Queen – Queen II (1974)
To listen to a song, click the "Play" button.
- Father to Son
- White Queen (As It Began)
- Some Day One Day
- The Loser in the End
- Ogre Battle
- The Fairy Feller's Master-Stroke
- The March of the Black Queen
- Funny How Love Is
- The Seven Seas of Rhye
- See What A Fool I’ve Been
Queen II is the second studio album by the British rock band Queen. It was released on 8 March 1974 by EMI Records at midnight in the UK and by Elektra Records in the US. It was recorded at Trident Studios and Langham 1 Studios, London from February to August 1973 with co-producers Roy Thomas Baker and Robin Cable, and engineered by Mike Stone. The album is notable for its combination of a heavy rock sound with an art rock sensibility. It has been called “a pillar of grandiose, assaultive hard rock” by the Rock and Roll Hall of Fame.
Queen II is not a concept album but a collection of songs with a loose theme running throughout. The two sides of the original LP were labelled “Side White” and “Side Black” (instead of the conventional sides “A” and “B”), with corresponding photos of the band dressed in white or in black on either side of the record’s label face. The white side has songs with a more emotional theme and the black side is almost entirely about fantasy, often with quite dark themes. Mick Rock’s album cover photograph was frequently re-used by the band throughout its career, including the music videos for the songs “Bohemian Rhapsody” (1975), and “One Vision” (1985).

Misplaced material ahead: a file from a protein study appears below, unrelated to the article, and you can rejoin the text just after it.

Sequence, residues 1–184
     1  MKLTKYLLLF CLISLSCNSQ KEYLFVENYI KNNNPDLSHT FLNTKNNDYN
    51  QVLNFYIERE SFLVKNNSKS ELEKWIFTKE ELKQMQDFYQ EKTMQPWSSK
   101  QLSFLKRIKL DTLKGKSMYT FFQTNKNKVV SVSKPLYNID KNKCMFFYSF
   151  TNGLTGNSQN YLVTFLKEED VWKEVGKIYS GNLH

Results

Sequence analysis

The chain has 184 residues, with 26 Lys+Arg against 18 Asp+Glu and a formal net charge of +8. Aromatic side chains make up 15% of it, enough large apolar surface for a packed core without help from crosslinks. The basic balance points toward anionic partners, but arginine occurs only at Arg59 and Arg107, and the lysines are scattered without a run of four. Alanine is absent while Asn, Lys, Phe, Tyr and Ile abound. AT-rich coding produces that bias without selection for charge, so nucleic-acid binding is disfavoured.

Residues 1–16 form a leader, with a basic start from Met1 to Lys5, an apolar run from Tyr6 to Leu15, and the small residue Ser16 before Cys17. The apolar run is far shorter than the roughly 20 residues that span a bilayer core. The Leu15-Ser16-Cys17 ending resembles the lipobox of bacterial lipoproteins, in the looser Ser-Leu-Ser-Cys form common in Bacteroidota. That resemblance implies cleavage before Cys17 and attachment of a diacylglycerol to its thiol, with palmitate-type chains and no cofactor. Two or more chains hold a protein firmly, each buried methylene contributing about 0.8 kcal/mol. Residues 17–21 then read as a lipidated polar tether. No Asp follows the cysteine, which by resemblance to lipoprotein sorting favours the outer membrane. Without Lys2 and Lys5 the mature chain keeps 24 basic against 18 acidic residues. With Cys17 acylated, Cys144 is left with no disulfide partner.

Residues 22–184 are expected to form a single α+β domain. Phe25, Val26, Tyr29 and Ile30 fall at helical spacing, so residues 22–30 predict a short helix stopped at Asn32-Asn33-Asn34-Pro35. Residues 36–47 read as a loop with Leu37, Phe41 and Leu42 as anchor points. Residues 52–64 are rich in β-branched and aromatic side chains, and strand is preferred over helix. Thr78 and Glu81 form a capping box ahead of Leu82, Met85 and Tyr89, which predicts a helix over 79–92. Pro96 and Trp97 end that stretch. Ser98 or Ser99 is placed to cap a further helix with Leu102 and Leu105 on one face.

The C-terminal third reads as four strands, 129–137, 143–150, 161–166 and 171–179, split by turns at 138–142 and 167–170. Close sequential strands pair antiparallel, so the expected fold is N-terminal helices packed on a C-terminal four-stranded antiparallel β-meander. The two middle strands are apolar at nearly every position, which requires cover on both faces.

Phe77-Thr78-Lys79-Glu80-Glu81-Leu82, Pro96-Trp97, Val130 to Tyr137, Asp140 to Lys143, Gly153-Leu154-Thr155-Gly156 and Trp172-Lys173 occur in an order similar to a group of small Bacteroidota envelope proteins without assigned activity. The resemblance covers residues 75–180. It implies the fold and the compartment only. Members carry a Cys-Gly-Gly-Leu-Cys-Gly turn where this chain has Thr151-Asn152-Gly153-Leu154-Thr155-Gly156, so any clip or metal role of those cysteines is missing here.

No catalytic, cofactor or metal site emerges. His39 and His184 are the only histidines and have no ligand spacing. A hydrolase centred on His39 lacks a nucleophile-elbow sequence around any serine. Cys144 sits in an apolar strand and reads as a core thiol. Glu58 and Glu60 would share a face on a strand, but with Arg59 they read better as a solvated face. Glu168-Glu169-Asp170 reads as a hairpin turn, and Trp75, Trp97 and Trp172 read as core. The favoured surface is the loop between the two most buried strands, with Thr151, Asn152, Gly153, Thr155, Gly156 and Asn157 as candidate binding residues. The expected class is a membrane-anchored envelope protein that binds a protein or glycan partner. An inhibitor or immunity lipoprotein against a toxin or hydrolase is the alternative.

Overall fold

Released to an initially mixed critical reception, Queen II remains one of the band’s lesser-known albums. Nonetheless, the album has retained a cult following since its release, garnered praise from critics, fans, and fellow musicians alike, and is significant in being the first album to contain elements of the band’s signature sound of multi-layered overdubs, vocal harmonies, and varied musical styles.